My guess is basals tend to form typically when the rootstock is producing enough cytokinin to counteract the auxin, cant prove it though.

Edited by manders

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Don't the shoots appeared near the ground in your example produce lower pitchers?  Or do they behave differently?

Well, auxins, cytokinins, ethylene, and strigolacton interacts to release the lateral buds, so cytokinins are involved.  But it would be interesting if the mechanism is different.

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Even side shoots arising several feet above ground level can produce lower pitchers, but they're just normal side shoots not basal shoots.

ethylene and strigolactones usually inhibit shoot development and given shoots both above and below the apex of the curved branch are still inhibited by auxin and apical dominance, seems to me the most likely candidate for stimulating basal shoots are cytokinins, produced by a healthy and growing root system.  

I like the symmetry of that actually, auxins produced by shoots promoting root growth and cytokinins produced by roots promoting shoot growth, it would a neat self regulating way of keeping a balance between roots and shoots.  Of course there will be other things going on as well.

Anyway back to the original point, it really isnt all and just about auxins which is what some folks were promoting.

 

 

 

 

Edited by manders

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In the past 2 years, i must've accidentally dropped at least 3 young plants in the 5cm-10cm diameter range, breaking their growing tip off. Everyone of them have put out at least two branch points (although no basals) as means of a survival mechanism. I'm tempted to snip the grow tip off all young plants in future ! I'll take some photos tomorrow. Bare in mind not all nepenthes branch or basal readily. What species/hybrids are you talking about ? Ventricosa and ventricosa hybrids love sprouting branches easily.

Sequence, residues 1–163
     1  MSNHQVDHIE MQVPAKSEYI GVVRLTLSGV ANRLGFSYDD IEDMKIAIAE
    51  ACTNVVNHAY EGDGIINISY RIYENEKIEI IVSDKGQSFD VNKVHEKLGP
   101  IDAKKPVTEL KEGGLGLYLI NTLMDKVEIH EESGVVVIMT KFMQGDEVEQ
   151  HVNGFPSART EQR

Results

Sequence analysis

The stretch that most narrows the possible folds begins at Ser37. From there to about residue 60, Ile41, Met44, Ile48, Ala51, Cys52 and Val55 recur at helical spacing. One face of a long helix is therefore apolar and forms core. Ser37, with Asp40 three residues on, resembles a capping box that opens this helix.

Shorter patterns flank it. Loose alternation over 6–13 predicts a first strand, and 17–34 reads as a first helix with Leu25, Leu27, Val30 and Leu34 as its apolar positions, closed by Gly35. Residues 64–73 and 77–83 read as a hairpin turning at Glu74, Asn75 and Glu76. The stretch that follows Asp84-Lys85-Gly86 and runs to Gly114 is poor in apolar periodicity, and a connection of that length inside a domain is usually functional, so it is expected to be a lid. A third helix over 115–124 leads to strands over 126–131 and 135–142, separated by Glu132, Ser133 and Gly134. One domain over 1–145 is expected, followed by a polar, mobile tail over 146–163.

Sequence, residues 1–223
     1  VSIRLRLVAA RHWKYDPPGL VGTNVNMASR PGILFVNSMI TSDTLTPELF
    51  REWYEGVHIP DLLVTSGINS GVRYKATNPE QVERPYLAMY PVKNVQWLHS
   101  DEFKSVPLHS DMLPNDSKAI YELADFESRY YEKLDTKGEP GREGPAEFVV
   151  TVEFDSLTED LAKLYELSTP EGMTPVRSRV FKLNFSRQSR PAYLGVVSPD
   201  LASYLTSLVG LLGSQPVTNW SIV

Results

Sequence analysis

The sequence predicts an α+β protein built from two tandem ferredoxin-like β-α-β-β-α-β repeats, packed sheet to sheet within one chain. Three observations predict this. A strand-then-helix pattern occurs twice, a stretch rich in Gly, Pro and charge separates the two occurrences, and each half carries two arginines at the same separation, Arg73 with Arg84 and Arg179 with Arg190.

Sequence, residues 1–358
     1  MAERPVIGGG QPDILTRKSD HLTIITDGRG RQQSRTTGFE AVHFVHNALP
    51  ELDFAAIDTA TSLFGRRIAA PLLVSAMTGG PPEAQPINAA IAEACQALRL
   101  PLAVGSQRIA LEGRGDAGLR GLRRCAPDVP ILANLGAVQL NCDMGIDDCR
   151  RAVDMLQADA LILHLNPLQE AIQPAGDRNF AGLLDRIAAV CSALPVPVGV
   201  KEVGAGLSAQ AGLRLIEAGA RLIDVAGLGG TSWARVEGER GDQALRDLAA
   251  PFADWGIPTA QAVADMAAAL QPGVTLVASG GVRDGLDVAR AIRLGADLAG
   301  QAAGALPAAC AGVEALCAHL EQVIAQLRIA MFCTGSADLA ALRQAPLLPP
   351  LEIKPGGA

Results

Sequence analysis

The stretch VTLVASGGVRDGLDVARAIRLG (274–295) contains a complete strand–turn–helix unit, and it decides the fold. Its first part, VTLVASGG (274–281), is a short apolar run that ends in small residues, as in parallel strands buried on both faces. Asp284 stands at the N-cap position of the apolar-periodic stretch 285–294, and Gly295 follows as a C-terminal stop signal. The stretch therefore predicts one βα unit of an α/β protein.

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***sorry about the weird formatting of this message, despite closing IE and logging out, every time I went to reply to this the draft message was still there and could not be deleted!***

So, the following don't seem to show any propensity to want to produce basal shoots (those with an asterisk I think would be too small, those in bold are pretty big plants)

Nepenthes (eymae x maxima) x platychila

Nepenthes (lowii x veitchii)-yellow x (boschiana x campanulata)

Nepenthes Hamata *

Nepenthes Maxima

Nepenthes Rafflesiana x Ampullaria

Nepenthes sumatrana x boschiana

Nepenthes Truncata (Ventricosa X Trusmadiensis)

Nepenthes Truncata striped x Insignis Biak

Nepenthes truncata x mira

Nepenthes Veitchii Bario

Nepenthes veitchii x burbidgeae

Nepenthes Ventricosa x Ephippiata

Nepenthes Fusca

 
 
 
 
 
 
 
 
 
 
 
 

On the other side of the coin, these all seem to produce multiple growing points (note the Bicalcarata I would have thought was too small, but there you go)

 

Nepenthes glandulifera x veitchii -H/L
Nepenthes kongkandana x veitchii-H/L
Nepenthes lowii x (sibuyanensis x maxima)
Nepenthes Maxima X Lowii
Nepenthes sibuyanensis x maxima
Nepenthes sumatrana x (platychila x fusca)
Nepenthes Truncata
Nepenthes Truncata (Lowii X Spectabilis)
Nepenthes truncata x (carunculata var robusta x merrilliana)
Nepenthes truncata x macfarlanei
Nepenthes truncata x merrilliana (a)
Nepenthes truncata-giant x alata-giant
Nepenthes veitchii x burbidgeae
Nepenthes Ventricosa X Rafflesiana
Nepenthes Bicalcarata
Nepenthes bellii x [(veitchii x maxima) x veitchii]
Nepenthes Hamata X Truncata
Nepenthes bellii x boschiana
Nepenthes Ventricosa
Nepenthes Ventricosa
Nepenthes Maxima x Vetchii
Nepenthes Spathulata X Tiveyi
Nepenthes Alata
Nepenthes boschiana x (truncata x campanulata)

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*Update*

My Maxima, Sibuyanensis X Maxima, Truncata (Ventricosa X Trusmadiensis) , Nepenthes veitchii x burbidgeae, Nepenthes truncata x mira and Nepenthes Truncata striped x Insignis Biak have all either started producing basals, or dormant nodes on the stems are budding, or both